The two main devices (symbols) in the Dalby blazon are the barry wavy and buckle. The two main tinctures (colors) are or and gules.
The bright yellow colour frequently found in coats of arms is known to heralds as Or, or sometimes simply as Gold.1Boutell’s Heraldry, J.P. Brooke-Little, Warne, (revised Edition) London 1970, P 27. Along with, argent, or silver it forms the two “metals” of heraldry – one of the guidelines of heraldic design is that silver objects should not be placed upon gold fields and vice versa 2A Complete Guide to Heraldry, A.C. Fox-Davies, Bonanza (re-print of 1909 Edition), New York, 1978, P85. The yellow colour is often associated with the Sun, and the zodiacal sign of Leo.3Understanding Signs & Symbols – Heraldry, S. Oliver & G. Croton, Quantum, London, 2013, P53.
The bold red colour on a heraldic shield is known as gules. It has a long history within heraldry, it is known that one of those who besieged the scottish castle of Carlaverock in 1300 was the French knight Euremions de la Brette who had as his arms a simple red shield.4The Siege of Carlaverock, N. Harris, Nichols & Son, London, 1828, P180. The word gules is thought to come from the Arabic gule, or “red rose” 5Boutell’s Heraldry, J.P. Brooke-Little, Warne, (revised Edition) London 1970, P 313. Later writers associated it with the precious stone ruby and the metal iron 6Understanding Signs & Symbols – Heraldry, S. Oliver & G. Croton, Quantum, London, 2013, P53, perhaps because of the red glow of iron in the heat of the blacksmith’s forge.
When the field of the shield is filled with alternately coloured horizontal lines, this is known as barry, obviously because it is like having many separate bars across the field 7A Glossary of Terms used in British Heraldry, J.H. Parker, Oxford, 1894, Entry:Barry. As well as being drawn with straight edges, there some decorative effects that can be used, and, with careful, these can be very pleasing. The decorations are typically much smaller than those used on the major ordinaries, such as the fess so care must be taken to ensure clarity. The decorative edge pattern Wavy, sometimes written as undy is, for obvious reasons, associated with both water and the sea 8The Symbolisms of Heraldry, W. Cecil Wade, George Redway, London, 1898 P40. Indeed, a roundel with alternating bars of azure and argent (blue and white) is known by the shorthand term fountain, representing water at the bottom of a well 9A Glossary of Terms used in British Heraldry, J.H. Parker, Oxford, 1894, Entry:Water. Other colours have also been used and the result can be very pleasing to the eye.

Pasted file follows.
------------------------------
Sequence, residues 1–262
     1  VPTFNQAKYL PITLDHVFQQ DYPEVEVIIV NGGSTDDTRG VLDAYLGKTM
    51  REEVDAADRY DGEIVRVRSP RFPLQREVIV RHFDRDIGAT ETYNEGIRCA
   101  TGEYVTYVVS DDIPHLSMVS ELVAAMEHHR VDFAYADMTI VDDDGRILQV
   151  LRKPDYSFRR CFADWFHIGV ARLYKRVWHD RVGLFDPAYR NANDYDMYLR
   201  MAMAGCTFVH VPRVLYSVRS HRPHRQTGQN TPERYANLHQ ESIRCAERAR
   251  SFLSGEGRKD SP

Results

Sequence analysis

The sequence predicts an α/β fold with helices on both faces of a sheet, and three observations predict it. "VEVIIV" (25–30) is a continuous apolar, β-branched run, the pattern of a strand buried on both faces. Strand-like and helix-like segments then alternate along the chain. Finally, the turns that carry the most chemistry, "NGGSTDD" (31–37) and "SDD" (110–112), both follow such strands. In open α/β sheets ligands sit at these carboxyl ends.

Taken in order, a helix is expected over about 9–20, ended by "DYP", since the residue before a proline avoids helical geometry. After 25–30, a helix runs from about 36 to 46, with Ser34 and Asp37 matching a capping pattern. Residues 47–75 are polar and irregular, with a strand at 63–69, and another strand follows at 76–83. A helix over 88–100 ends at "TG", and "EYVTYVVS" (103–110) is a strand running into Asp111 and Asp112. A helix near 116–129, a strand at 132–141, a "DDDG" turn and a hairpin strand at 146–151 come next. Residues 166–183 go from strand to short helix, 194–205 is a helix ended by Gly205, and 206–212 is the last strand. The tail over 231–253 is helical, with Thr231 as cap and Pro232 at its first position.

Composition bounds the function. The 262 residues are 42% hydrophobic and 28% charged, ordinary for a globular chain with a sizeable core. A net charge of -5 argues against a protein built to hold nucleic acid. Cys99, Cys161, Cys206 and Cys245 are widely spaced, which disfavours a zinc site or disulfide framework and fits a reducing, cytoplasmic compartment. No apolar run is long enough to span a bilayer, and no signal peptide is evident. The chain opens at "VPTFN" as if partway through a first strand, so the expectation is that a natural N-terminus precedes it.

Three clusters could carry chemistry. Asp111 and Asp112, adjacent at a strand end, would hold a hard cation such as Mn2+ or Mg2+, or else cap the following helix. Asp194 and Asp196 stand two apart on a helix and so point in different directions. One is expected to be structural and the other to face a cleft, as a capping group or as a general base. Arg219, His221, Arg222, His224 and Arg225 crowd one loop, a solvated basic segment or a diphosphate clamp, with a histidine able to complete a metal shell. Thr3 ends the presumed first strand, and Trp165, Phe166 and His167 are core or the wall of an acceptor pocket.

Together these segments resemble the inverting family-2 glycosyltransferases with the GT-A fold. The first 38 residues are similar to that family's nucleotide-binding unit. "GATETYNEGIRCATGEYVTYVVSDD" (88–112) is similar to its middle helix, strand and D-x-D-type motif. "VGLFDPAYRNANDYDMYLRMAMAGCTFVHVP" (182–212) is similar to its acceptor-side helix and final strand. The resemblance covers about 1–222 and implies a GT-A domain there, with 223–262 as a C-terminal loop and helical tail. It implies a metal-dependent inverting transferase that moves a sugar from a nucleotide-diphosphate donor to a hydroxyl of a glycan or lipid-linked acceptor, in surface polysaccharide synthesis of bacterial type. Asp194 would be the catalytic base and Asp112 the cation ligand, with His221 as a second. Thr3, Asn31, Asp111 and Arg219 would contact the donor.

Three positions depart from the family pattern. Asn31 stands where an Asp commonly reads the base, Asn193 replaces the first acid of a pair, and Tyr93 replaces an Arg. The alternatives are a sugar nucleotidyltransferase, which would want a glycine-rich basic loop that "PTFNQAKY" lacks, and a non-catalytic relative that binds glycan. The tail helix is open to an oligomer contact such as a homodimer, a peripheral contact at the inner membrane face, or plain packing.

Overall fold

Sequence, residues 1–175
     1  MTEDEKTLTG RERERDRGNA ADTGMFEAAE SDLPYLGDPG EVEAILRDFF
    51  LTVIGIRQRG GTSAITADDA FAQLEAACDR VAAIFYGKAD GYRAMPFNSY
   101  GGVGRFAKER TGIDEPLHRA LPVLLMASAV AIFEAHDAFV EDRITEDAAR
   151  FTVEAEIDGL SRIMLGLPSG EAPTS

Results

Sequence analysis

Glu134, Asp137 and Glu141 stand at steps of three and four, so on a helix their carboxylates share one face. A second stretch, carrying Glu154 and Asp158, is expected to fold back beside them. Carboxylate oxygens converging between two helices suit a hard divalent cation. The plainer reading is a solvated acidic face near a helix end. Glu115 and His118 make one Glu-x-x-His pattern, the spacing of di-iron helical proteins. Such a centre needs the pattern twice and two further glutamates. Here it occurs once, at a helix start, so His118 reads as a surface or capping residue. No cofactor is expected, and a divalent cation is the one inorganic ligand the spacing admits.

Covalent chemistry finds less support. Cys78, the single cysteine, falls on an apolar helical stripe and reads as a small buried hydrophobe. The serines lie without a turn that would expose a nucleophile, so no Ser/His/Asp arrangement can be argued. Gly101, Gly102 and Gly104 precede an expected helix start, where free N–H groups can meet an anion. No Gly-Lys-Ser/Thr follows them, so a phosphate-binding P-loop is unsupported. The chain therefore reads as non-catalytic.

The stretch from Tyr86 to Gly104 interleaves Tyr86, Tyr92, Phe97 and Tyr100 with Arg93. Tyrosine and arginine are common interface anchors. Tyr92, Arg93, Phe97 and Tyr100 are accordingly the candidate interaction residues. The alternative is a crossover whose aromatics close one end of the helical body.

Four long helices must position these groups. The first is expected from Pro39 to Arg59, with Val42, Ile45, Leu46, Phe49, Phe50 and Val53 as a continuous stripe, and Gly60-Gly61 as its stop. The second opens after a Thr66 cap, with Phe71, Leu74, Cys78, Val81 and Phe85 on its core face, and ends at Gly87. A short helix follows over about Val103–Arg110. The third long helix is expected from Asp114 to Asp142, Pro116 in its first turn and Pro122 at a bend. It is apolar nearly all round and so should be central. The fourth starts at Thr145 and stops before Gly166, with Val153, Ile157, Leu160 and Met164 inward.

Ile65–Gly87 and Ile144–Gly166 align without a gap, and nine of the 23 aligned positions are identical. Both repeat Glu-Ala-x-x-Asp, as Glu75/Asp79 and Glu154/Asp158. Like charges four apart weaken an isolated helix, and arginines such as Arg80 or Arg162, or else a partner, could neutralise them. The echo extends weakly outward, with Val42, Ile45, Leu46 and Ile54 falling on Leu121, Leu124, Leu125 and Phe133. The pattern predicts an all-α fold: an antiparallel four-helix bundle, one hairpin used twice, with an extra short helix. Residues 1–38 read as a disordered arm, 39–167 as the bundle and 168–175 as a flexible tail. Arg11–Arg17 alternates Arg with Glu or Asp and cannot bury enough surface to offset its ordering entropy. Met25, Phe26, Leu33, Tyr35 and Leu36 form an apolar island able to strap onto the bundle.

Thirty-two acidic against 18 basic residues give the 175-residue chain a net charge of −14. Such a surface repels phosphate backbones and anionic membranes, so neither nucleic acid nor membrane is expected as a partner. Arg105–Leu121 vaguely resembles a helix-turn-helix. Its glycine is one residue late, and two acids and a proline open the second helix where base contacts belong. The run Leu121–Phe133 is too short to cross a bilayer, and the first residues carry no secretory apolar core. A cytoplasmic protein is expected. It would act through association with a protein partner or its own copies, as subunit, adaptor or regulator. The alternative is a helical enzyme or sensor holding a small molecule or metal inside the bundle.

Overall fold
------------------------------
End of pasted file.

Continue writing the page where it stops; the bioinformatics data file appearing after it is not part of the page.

Although we expect to find fierce creatures and fearsome weapons depicted in a coat of arms this is not always the case – sometimes simple household objects are used 10A Complete Guide to Heraldry, A.C. Fox-Davies, Bonanza (re-print of 1909 Edition), New York, 1978, P281. Sometimes these objects were chosen for the familiarity they would have for the obsever, helping them identify the owner, and sometimes they were used because of some association with the owner, or a similarity to the family name. 11Boutell’s Heraldry, J.P. Brooke-Little, Warne, (revised Edition) London 1970, P 100 The buckle may fall into this category, it is present in a surprising number of different forms and has a long heritage in use, 12A Glossary of Terms used in British Heraldry, J.H. Parker, Oxford, 1894, Entry:Buckle being considered honourable bearings and are said to “signify victorious fidelity in authority”. 13The Symbolisms of Heraldry, W. Cecil Wade, George Redway, London, 1898 P115